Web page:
One of the big challenges was that when people were using print, they were often reading in their armchairs or in the lunch room while our tools for migrating them online required them to go back to their desks. It was not an ideal usability arrangement. QR (quick response) Codes, a type of barcode, are beginning to make inroads in the developing and developed countries. They are still largely unknown, but early adopters in higher education and recent urban promotional campaigns are changing that. As with any new technology, it is important to understand what they can do and when they can help our users.
A QR code is a matrix barcode readable by smart phones and mobile phones with cameras. They are sometimes referred to as 2d codes, 2d barcodes, or mobile codes. On most phones purchased in the United States, one must download a free app (application) in order to read the QR code, although some phones have one preinstalled.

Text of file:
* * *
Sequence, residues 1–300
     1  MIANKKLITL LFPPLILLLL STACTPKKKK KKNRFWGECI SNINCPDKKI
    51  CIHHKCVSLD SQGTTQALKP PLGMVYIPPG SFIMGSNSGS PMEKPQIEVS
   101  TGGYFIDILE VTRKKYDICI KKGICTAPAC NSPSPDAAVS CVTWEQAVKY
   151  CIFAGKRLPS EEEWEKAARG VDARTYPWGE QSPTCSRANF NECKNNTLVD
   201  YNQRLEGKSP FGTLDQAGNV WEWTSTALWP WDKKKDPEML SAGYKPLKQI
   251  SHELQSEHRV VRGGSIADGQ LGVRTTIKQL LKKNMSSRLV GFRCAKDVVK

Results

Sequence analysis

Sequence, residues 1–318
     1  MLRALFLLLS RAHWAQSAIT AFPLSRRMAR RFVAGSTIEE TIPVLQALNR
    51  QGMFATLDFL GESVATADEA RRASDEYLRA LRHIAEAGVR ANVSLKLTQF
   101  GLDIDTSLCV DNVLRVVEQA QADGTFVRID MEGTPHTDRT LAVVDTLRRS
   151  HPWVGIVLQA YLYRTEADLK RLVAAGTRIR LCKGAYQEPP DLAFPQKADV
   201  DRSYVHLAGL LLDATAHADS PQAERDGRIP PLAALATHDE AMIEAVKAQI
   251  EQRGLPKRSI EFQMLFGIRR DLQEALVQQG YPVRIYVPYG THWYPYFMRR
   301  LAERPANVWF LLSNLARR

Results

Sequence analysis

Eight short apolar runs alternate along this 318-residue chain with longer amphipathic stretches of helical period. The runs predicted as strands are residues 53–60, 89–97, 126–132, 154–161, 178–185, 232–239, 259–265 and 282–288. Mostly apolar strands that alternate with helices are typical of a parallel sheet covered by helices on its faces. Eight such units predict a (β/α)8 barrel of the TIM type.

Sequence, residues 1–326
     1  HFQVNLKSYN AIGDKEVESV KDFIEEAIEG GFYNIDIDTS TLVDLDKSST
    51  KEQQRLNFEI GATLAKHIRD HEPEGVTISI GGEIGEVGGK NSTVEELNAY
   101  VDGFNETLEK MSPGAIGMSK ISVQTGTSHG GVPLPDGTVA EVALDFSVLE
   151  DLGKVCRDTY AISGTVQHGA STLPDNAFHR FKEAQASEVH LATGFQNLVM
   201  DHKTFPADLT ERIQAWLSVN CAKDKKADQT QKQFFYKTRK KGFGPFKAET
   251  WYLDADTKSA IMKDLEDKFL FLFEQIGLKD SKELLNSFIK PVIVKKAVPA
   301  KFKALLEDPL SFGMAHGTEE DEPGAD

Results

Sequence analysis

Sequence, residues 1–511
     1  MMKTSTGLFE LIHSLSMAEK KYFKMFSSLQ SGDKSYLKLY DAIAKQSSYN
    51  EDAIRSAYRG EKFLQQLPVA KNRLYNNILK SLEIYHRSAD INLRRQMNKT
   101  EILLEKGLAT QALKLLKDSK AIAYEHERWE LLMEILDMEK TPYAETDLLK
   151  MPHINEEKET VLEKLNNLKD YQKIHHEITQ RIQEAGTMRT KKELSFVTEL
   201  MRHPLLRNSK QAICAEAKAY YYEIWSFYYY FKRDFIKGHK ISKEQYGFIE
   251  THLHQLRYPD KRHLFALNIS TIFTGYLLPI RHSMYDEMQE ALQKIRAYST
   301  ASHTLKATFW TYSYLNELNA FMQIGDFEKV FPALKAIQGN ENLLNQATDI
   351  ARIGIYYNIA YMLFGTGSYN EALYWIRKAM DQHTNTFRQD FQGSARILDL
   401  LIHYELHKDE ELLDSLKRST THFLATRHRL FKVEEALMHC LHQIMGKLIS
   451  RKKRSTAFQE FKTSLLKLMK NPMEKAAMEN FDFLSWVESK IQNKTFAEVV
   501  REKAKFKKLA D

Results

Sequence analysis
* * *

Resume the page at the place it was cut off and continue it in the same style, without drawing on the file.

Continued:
The QR code typically appears as a small white square with black geometric shapes, though colored and even branded QR codes are now being used. QR codes can hold much more information than a regular barcode. The information encoded in a QR code can be a URL, a phone number, an SMS message, a V-card, or any text. They are referred to as QR because they allow the contents to be decoded at high speed. QR codes are a low-threshold technology. Low-cost, easy to implement, and easy to use, they are a technology that provides user-friendly approach, when implemented wisely.
IJARIDEA assigns QR CODE to each research article online, hard copy of individual certificates and hard copy of proceedings to better access the paper and keep it handy for use. Authors can browse through all articles in TABLE OF CONTENTS with QR Code.
QR Code for IJARIDEA is: